It is important for caregivers to also care for themselves and know that they are not alone. You can’t pour from an empty cup. Whether your motivation for self-care is to help yourself cope or to help you be a better caregiver, you must remember to replenish your own resources to continue providing the care you give. Support groups are an excellent resource to help you. 

Communicating with others facing similar struggles and learning new coping skills can be a rewarding experience that helps caregivers feel stronger and better prepared for the tasks at hand.

Connect With Others Over Social Media

Connecting with others can feel daunting for a new or overextended caregiver. Especially in this time of quarantining, meeting with new people may not be an option for everyone. 

Social media is a powerful resource for anyone looking to connect with a niche group of people. A great place to start connecting virtually is through Moody Neuro’s Instagram and Facebook pages. 

Seek Out Resources

Stay connected through the Moody Neurorehabilitation Institute blog. Both survivors and caregivers benefit from reading our blogs. 

We offer a unique perspective to help you better understand what your survivor is going through internally. Nuances in behavior patterns could be a sign of a deeper issue. Not only is their body and mind recovering, but their sense of identity may be challenged due to depression and other unfortunate side effects of a traumatic brain injury. 

Take advantage of the wealth of knowledge offered in our blogs.

Family Caregivers Change The World

Family caregiving can make a huge difference in the lives of so many survivors. In fact, Moody Neurorehabilitation Institute was formed out of the love of a father for his son. After his son Russell’s accident, which resulted in a traumatic brain injury, Robert L. Moody, Sr. recognized a need for brain injury rehabilitation resources. 

Today, Moody Neurorehabilitation Institute has four Texas locations. Each patient receives the highest level of quality care. 

The partnership to recovery between medical professionals and family caregivers is unparalleled. It is not always an easy road, but it can be a crucial part of a loved one’s recovery. 

Strokes are medical conditions that affect millions globally. In the United States, more than 795,000 people have a stroke each year, with about 610,000 cases being first or new strokes. 

These can lead to a wide range of physical and cognitive impairments. Speech and language disorders are among the most common and most challenging consequences of strokes, occurring in about a third of stroke survivors. 

Understanding Stroke-Induced Speech & Language Disorders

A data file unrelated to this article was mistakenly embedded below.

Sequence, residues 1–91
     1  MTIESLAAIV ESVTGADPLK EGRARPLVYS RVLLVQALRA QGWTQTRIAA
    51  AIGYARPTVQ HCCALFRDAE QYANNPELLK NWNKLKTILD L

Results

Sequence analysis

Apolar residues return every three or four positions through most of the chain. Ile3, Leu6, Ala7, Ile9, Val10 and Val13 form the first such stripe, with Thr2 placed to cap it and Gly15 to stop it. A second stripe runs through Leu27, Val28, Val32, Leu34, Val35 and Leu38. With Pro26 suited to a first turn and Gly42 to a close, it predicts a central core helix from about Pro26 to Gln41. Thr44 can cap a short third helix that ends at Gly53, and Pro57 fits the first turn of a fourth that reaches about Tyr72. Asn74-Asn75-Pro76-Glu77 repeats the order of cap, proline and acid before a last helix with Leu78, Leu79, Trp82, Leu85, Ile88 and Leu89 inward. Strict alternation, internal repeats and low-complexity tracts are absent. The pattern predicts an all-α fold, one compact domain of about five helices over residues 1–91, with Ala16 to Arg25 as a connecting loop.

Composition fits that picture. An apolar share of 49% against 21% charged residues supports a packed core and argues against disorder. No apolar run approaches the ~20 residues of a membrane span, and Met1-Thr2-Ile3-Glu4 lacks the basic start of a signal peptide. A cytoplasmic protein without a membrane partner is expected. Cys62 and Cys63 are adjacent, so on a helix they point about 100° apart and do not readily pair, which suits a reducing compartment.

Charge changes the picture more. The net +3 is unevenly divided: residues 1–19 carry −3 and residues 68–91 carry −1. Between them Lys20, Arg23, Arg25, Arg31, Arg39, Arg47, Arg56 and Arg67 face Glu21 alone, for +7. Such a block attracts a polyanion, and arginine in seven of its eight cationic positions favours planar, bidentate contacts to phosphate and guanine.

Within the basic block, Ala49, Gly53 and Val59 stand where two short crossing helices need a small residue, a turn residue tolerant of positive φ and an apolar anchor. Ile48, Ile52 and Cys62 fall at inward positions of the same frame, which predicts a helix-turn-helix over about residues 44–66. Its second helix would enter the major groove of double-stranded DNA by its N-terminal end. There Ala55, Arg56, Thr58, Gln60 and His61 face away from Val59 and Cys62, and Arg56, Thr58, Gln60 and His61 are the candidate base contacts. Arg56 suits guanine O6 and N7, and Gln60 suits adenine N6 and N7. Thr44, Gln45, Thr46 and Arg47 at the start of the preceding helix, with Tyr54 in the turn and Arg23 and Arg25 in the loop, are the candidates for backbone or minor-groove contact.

Stroke-induced speech and language disorders significantly impact communication abilities. Among these, aphasia, dysarthria, and apraxia of speech are prevalent. Understanding how they are diagnosed and their specific symptoms can aid in prompt and effective management.


Aphasia is a common outcome of stroke, manifesting as difficulty in speaking, understanding, reading, and writing. There are many different types of aphasia, depending on the affected brain area, and are categorized based on the symptoms present:

  • Expressive Aphasia (Broca’s Aphasia): Characterized by broken speech, limited vocabulary, and difficulty forming complete sentences. Patients often understand what is being said to them but struggle to verbalize responses.
  • Receptive Aphasia (Wernicke’s Aphasia): Patients can produce fluent speech but may lack meaning or include nonsensical words. They often have significant difficulty understanding spoken language.
  • Global Aphasia: A severe form of aphasia where individuals have extensive difficulties with both speech production and comprehension.
  • Anomic Aphasia: Individuals have difficulty finding words, particularly nouns and verbs, making their speech sound vague.


Dysarthria is a speech disorder that affects 20-30% of stroke survivors. It occurs when stroke impacts the muscles responsible for speech, leading to slurred or slow speech that can be hard to understand. It is typically diagnosed through a physical examination and a series of speech evaluations conducted by a speech-language pathologist (SLP). 

It is characterized by the following symptoms:

  • Slurred or slow speech that can be difficult to understand
  • Monotone or robotic-sounding speech
  • Difficulty controlling the volume of speech, which may be too loud or too soft